The six Ws framework for the roots of uncertainty

In the authors' experience the initial motivation for applying formal risk management usually arises because of concerns about design and logistics issues in major projects that involve the large-scale use of new and untried technology. However, the most important issues that risk management helps to resolve are usually related to objectives and relationships between project parties. For example, a common issue in most projects is: 'do we know what we are trying to achieve in clearly defined terms, which link objectives to planned activities?' It is important to understand why this situation arises and to respond effectively in any project context.

A convenient starting point is consideration of the project definition process portrayed in Figure 1.1. There are six basic questions that need to be addressed:

1. who who are the parties ultimately involved? (parties);

2. why what do the parties want to achieve? (motives);

3. what what is it the parties are interested in? (design);

4. whichway how is it to be done? (activities);

5. wherewithal what resources are required? (resources);

6. when when does it have to be done? (timetable).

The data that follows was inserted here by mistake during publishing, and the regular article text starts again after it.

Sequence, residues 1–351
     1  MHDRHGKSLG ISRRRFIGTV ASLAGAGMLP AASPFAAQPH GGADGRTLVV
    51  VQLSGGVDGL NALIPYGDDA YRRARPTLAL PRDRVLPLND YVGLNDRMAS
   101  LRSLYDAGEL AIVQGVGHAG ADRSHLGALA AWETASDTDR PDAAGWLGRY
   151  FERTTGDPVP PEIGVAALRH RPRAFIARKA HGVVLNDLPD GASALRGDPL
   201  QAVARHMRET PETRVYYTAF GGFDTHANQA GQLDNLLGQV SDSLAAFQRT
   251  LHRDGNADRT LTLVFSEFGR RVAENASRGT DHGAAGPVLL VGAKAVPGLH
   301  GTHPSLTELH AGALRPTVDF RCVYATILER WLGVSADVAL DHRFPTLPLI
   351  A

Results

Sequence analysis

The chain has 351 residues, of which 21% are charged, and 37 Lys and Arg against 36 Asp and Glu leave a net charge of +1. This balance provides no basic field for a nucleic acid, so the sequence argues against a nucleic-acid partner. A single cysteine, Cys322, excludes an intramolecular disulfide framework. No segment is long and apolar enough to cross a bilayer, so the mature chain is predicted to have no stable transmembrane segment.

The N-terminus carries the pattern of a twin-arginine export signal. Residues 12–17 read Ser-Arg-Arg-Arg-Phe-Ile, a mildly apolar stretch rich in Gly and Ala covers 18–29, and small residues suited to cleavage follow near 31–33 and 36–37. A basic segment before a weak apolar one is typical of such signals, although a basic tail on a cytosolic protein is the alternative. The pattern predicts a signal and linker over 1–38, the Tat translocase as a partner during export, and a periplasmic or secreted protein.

For convenience we refer to these question areas as 'the six Ws', using the designations in parentheses as well as the W labels for clarity when appropriate. While somewhat contrived, this terminology helps to remind us of the need to consider all six aspects of a project, reinforced by the Rudyard Kipling quote used to open this chapter.

The flow lines in Figure 1.1 show the influences on project definition that are the roots of uncertainty. In the context of roots of uncertainty, these arrows can be interpreted as indicating the knock-on effects of uncertainty in each entity. As Figure 1.1 shows, the roots of uncertainty may extend back to the basic purpose of the project and even the identity of the relevant parties. Any uncertainty associated with entities earlier in the cycles portrayed by the diagram are of fundamental importance later. In the earliest stage of a project, during conception, uncertainty is at its greatest. The purpose for which the project is required and the parties who will be involved may not be clear.

As indicated in Figure 1.1, 'project initiators' are a subset of the who, the 'project parties ultimately involved'. Project initiators kick the whole process off. One or more project initiators first identify the basic purpose of the project, or intended benefit from it, the why or motives for the project. These motives will usually include profit, involving revenue and cost, along with 'other motives'. Initially, the nature of these motives will be defined, but they will not be quantified as objectives. That is, in terms of the mission-goals-objectives hierarchy often used to move from an overall mission statement to quantified who project parties ultimately involved who project parties ultimately involved

project Initiators

later players

other Interested parties






other motives



what design whichway activity-based plans wherewithal

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